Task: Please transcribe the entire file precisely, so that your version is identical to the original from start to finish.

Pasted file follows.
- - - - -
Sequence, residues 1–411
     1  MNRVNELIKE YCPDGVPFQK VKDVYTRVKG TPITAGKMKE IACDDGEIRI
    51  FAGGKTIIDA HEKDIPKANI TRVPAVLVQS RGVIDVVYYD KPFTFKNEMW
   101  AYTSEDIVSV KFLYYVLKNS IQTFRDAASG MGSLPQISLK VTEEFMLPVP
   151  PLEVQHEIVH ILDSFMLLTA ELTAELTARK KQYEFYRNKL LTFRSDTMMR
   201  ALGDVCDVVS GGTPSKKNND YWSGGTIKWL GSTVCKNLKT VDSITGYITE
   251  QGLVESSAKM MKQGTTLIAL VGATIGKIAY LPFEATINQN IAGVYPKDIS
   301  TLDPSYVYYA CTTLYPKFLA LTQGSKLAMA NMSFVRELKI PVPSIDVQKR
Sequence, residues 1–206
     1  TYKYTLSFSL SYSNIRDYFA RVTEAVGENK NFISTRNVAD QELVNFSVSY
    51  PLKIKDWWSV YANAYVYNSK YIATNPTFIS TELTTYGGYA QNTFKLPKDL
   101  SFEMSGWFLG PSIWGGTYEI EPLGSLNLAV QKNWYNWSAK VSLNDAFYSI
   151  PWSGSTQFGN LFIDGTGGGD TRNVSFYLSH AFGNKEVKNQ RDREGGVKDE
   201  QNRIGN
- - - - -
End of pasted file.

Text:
Sequence, residues 1–411
     1  MNRVNELIKE YCPDGVPFQK VKDVYTRVKG TPITAGKMKE IACDDGEIRI
    51  FAGGKTIIDA HEKDIPKANI TRVPAVLVQS RGVIDVVYYD KPFTFKNEMW
   101  AYTSEDIVSV KFLYYVLKNS IQTFRDAASG MGSLPQISLK VTEEFMLPVP
   151  PLEVQHEIVH ILDSFMLLTA ELTAELTARK KQYEFYRNKL LTFRSDTMMR
   201  ALGDVCDVVS GGTPSKKNND YWSGGTIKWL GSTVCKNLKT VDSITGYITE
   251  QGLVESSAKM MKQGTTLIAL VGATIGKIAY LPFEATINQN IAGVYPKDIS
   301  TLDPSYVYYA CTTLYPKFLA LTQGSKLAMA NMSFVRELKI PVPSIDVQKR
Sequence, residues 1–206
     1  TYKYTLSFSL SYSNIRDYFA RVTEAVGENK NFISTRNVAD QELVNFSVSY
    51  PLKIKDWWSV YANAYVYNSK YIATNPTFIS TELTTYGGYA QNTFKLPKDL
   101  SFEMSGWFLG PSIWGGTYEI EPLGSLNLAV QKNWYNWSAK VSLNDAFYSI
   151  PWSGSTQFGN LFIDGTGGGD TRNVSFYLSH AFGNKEVKNQ RDREGGVKDE
   201  QNRIGN